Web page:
The offseason is a time to prepare for next season. Part of that is the arbitration process, where cheap players get more expensive as they tick off another year until free agency. MLB Trade Rumors attempts to estimate what those arbitration salaries might be.
David Robertson made $3.1 million over the 2013 season in his second year of arbitration. He now has just over five years of service time and with a strong season and the new role as closer, D-Rob is projected to make $5.07 million in his last year of arbitration. He'll be a free agent after the season, so he could be looking at a big deal very soon.
Brett Gardner is in his last year of arbitration and after two straight seasons of a $2.8 million salary, he will be getting a big raise, up to $4 million, after a healthy and productive 2013 season. He has just over five years of service time and could get a longterm deal from a team in need of an elite outfielder with speed.
Ivan Nova finished his last season of pre-arbitration eligibility and after making just $575,600 in 2013, he could make the jump to $2.8 million in his first arbitration year. With just over three years of service time, he won't be a free agent until the 2017 season, so there is plenty of time to see what kind of pitcher he will be and how much he could be worth on the open market.
Shawn Kelley is actually a Super Two, giving him an extra season of arbitration, instead of league minimum. After making $935,000 with the Yankees after coming over from the Mariners, he's looking at a raise to $1.5 million. With just over four years of service, he won't be a free agent until 2016, so he's going to be around, and be relatively cheap, for awhile.
Despite over four years of service time, Jayson Nix is still eligible for arbitration for the first time. The Yankees signed him to a $900,000 contract last offseason in order to forgo the arbitration process, but if he goes to arbitration he could make around $1.4 million. Nix will be around until the 2016 season, though he will likely agree to another cheap deal or could even end up being released from the organization.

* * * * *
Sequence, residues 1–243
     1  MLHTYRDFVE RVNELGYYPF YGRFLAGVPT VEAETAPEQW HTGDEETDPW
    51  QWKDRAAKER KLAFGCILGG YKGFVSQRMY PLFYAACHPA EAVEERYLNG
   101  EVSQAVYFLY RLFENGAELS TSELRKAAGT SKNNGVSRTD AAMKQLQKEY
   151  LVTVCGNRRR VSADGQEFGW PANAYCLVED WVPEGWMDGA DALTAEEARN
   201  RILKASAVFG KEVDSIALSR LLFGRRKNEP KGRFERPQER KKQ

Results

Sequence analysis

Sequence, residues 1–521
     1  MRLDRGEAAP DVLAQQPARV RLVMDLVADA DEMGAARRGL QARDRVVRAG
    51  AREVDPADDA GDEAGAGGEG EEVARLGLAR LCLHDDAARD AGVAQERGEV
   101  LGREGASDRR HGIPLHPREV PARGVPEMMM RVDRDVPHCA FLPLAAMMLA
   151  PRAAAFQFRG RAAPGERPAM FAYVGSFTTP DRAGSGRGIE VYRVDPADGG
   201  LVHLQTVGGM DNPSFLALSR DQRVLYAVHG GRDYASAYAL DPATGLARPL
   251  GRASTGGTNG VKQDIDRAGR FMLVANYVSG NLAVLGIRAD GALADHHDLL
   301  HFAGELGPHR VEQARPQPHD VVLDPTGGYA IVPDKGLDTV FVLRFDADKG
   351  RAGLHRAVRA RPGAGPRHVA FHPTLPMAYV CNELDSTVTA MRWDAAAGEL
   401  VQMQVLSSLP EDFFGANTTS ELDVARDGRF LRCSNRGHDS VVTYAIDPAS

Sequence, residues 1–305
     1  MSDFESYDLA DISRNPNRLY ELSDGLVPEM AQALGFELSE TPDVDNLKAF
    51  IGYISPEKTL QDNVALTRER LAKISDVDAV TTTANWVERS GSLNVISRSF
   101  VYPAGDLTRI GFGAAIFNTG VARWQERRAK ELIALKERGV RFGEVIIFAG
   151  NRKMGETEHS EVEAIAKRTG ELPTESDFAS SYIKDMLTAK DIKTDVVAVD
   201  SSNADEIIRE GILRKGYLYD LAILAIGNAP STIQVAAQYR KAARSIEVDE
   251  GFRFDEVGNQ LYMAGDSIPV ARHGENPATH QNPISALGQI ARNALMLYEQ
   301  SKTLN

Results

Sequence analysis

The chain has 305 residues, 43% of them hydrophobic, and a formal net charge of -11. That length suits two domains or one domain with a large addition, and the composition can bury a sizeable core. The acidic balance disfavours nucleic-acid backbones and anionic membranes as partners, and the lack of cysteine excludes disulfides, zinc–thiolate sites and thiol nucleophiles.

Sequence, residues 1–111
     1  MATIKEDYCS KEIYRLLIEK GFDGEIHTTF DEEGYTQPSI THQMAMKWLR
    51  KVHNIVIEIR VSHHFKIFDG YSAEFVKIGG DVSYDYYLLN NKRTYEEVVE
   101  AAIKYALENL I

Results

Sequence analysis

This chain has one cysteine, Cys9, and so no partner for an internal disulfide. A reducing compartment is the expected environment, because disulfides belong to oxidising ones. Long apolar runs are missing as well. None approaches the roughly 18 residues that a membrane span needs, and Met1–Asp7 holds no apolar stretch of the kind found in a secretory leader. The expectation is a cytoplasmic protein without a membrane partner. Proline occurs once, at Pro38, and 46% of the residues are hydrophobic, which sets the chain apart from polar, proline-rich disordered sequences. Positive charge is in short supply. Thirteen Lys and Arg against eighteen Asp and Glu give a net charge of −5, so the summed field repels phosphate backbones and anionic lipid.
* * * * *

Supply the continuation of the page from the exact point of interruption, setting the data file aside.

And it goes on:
Francisco Cervelli is another player who could be non-tendered by the organization after he served a suspension and dealt with another season of debilitating injuries. If they want to keep him, he will go through arbitration for the first time and could go from a $515,350 player to a $1 million player. With just over three years of service time, Cervelli could also be signed to a cheap contract to avoid the arbitration process.
Chris Stewart has just over three years of service time and will be arbitration eligible for the first time in 2014. He made just $515,100 in 2013, but he could earn up to $1 million this year. If the Yankees don't non-tender him he will not likely go through the arbitration process and sign for something much lower.
The Yankees could end up spending upwards of $13.8 million on arbitration eligible players alone. Add Mark Teixeira at $22.5 million, CC Sabathia at $23 million, Alex Rodriguez at $25 million, Ichiro Suzuki at $6.5 million, Alfonso Soriano at $5 million, and Vernon Wells at $2.4 million and the Yankees are looking at a payroll of $98.2 million by just retaining the players they already have. Derek Jeter has a $9.5 million player option that he will likely invoke, bringing the total to $107.7 million.
Now add onto that the pre-arbitration eligible contracts from people like Eduardo Nunez, Austin Romine, David Phelps, Adam Warren, Preston Claiborne and that's another $3.5 million, rounded up, and you end up with a payroll of $111.2 million before signing a single free agent. If the Yankees are sticking to the $189 million payroll plan then that leaves them with $77.8 million, give or take, to sign Robinson Cano, Hiroi Kuroda, Curtis Granderson, and whoever else they are looking at.
If Cano signs an eight year, $200 million deal, he'll likely make somewhere around $25 million if the contract isn't backloaded. That would give the Yankees another $52.6 million to sign Granderson and Kuroda at around $14.1 million each, leaving them with $28.4 million to fill out the bullpen, and sign the likes of Brendan Ryan and Mark Reynolds. If the Yankees are going to go after Brian McCann, Carlos Beltran, and Masahiro Tanaka, they're going to need more money than that. Getting back that $25 million if A-Rod is suspended is going to be crucial to the team's offseason plans.